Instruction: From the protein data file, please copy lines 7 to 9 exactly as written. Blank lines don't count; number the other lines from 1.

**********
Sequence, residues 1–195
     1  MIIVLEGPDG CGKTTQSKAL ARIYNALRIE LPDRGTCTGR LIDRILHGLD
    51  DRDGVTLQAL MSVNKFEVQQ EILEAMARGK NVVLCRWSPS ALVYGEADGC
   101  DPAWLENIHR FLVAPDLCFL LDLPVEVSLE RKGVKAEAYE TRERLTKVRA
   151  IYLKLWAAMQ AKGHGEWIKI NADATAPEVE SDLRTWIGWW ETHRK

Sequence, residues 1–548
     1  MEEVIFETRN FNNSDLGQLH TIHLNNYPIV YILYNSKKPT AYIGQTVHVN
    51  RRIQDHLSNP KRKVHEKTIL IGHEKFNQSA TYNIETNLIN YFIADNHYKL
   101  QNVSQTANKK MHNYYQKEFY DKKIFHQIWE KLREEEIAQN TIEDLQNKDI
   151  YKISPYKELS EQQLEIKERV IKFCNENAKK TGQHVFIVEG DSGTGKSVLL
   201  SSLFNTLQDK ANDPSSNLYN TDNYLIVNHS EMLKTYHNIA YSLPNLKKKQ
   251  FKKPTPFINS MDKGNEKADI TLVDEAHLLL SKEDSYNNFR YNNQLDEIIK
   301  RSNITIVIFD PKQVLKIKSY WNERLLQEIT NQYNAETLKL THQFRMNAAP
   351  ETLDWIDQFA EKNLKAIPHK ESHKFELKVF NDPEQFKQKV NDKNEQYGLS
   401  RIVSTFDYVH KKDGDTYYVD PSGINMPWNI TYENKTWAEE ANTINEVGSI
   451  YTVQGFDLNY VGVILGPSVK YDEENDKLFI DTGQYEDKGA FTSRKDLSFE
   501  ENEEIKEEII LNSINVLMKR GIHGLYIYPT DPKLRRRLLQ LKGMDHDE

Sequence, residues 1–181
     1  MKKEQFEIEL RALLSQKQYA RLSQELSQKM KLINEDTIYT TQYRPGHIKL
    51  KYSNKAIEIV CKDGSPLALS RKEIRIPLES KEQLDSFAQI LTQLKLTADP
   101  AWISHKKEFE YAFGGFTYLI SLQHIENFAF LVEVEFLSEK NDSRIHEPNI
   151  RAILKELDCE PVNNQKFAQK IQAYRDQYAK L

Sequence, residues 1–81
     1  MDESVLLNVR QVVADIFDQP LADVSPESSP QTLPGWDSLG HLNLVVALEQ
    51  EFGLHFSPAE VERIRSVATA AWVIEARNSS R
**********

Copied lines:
     1  MEEVIFETRN FNNSDLGQLH TIHLNNYPIV YILYNSKKPT AYIGQTVHVN
    51  RRIQDHLSNP KRKVHEKTIL IGHEKFNQSA TYNIETNLIN YFIADNHYKL
   101  QNVSQTANKK MHNYYQKEFY DKKIFHQIWE KLREEEIAQN TIEDLQNKDI